French Romantic composer Camille Saint-Saëns (1835-1921) wrote Le Carnaval des Animaux in 1886. It was originally scored for two pianos, two violins, viola, cello, double bass, flute (and piccolo), clarinet (C and B flat), glass harmonica and xylophone, but there are several arrangements, including one for two pianos by Ralph Berkowitz. Designed as a ‘fun’ piece, intended for Saint-Saëns’ students, the work consists of fourteen short movements depicting various animals. Whilst it was performed privately on a few occasions (including a performance at the home of Pauline Viardot, with Franz Liszt in the audience), Saint-Saëns’ forbid Le Carnaval des Animaux to be published or played during his lifetime, believing it detracted from his status as a serious composer. Eventually Saint-Saëns relented, and the The Swan (the penultimate work with the famous cello solo), was published in an arrangement for cello and piano.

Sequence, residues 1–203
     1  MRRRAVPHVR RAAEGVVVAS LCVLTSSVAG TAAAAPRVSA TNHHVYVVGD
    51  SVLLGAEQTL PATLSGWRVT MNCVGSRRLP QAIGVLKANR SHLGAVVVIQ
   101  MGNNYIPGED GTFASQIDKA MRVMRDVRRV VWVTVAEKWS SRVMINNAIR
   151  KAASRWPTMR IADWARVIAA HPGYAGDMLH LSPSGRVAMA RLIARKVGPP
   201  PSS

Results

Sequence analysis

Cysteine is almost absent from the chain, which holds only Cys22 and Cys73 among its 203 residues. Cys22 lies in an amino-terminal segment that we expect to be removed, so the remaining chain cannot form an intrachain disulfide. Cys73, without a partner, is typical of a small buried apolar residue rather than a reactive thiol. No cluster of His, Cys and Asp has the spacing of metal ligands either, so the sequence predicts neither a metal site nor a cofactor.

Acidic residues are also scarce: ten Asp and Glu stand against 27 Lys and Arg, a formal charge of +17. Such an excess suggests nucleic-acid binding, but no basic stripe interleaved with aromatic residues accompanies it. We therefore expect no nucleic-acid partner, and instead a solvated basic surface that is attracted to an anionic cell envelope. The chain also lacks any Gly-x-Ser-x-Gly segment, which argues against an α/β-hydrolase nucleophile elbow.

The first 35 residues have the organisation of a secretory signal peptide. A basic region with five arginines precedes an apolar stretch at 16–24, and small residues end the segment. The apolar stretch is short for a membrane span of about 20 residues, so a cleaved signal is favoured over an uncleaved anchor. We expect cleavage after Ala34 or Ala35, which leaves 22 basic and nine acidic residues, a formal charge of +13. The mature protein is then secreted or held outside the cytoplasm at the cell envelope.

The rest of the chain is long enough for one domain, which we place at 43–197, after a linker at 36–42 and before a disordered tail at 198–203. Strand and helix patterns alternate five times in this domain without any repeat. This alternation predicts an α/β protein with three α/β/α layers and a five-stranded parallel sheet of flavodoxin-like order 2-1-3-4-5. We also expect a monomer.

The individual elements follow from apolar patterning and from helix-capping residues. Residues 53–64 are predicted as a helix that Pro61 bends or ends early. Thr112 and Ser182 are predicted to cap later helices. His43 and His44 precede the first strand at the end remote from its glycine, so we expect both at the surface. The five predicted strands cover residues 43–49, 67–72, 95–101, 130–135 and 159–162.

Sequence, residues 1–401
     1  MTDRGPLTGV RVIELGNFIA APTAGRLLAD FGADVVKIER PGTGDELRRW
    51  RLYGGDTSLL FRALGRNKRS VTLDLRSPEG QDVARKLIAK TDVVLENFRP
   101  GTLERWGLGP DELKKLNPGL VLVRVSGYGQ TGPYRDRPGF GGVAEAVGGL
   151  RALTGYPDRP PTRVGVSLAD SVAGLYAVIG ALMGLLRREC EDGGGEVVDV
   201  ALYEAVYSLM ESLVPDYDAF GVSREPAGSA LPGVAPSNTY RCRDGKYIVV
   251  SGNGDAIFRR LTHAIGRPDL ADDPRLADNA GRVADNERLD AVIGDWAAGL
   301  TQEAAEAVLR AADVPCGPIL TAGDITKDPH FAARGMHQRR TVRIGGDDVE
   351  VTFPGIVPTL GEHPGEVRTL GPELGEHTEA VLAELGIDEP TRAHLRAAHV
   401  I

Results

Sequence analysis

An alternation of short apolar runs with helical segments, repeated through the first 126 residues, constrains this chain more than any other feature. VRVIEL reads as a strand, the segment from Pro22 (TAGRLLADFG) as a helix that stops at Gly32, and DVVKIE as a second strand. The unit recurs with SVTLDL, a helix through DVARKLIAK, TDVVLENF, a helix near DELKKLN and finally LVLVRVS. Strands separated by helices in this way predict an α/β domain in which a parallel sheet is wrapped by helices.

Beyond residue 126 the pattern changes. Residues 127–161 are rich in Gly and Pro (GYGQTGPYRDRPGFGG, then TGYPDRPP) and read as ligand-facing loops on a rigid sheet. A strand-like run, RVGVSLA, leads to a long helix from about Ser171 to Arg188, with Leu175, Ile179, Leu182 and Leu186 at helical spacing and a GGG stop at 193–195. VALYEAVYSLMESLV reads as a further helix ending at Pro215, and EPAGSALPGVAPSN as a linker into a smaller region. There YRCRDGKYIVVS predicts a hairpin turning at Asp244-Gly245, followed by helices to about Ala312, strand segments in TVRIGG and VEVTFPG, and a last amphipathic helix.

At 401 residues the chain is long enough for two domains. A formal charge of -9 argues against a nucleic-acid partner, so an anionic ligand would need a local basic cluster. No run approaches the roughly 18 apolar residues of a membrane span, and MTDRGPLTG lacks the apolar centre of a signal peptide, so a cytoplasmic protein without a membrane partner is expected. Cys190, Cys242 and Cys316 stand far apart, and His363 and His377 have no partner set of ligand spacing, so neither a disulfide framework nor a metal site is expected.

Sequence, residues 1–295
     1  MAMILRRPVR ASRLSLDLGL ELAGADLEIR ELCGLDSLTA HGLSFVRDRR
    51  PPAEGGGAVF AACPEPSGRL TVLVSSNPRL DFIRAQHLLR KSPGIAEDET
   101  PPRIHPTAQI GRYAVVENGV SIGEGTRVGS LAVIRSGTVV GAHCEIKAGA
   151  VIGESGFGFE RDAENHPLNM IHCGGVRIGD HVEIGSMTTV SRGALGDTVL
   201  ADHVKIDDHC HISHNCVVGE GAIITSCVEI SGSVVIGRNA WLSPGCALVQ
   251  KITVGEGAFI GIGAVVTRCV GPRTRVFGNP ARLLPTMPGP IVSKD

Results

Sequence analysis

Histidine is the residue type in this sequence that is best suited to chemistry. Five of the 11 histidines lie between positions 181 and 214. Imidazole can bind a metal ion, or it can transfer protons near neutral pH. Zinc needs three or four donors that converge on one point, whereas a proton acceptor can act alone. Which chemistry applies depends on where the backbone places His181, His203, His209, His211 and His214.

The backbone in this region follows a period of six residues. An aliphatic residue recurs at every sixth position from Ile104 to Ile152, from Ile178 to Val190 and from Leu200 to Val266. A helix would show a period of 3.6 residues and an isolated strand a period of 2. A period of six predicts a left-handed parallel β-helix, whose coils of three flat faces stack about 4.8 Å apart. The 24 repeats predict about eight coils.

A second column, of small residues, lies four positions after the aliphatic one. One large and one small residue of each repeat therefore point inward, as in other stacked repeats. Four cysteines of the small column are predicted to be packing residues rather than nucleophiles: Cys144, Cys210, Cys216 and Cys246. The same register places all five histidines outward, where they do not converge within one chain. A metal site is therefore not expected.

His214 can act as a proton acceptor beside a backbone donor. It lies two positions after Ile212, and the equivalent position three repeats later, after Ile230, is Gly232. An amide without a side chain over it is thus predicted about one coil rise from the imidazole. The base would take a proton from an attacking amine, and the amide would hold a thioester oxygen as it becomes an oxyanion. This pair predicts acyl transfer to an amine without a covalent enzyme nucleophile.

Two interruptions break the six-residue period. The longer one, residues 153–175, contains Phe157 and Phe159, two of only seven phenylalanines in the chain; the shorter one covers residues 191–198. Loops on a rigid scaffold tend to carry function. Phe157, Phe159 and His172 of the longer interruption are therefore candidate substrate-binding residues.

Le Carnaval des Animaux has since become Saint-Saëns’ most famous and well-loved piece, and is especially popular with children. The composer’s characterisation of each animal is illuminating and often humorous, with plenty of comical musical ideas and motifs. The Personnages à longues oreilles (movement 8) is thought to be directed at music critics, who are also supposedly the last animals heard during the finale, braying. Movement 10, Pianistes, depicts pianists diligently working at their scales, and movement 4, Tortues employs the well-known Galop infernal from Jacques Offenbach’s operetta Orpheus in the Underworld, playing the usually brisk melody at a very slow, whimsical pace.
The following performance was recorded in 1996 (on a home video) at a recital given by Russian pianist Olga Balakleets and myself, as part of the Primavera Musicale Italiana Festival held at St. James’s Church, in Piccadilly, London.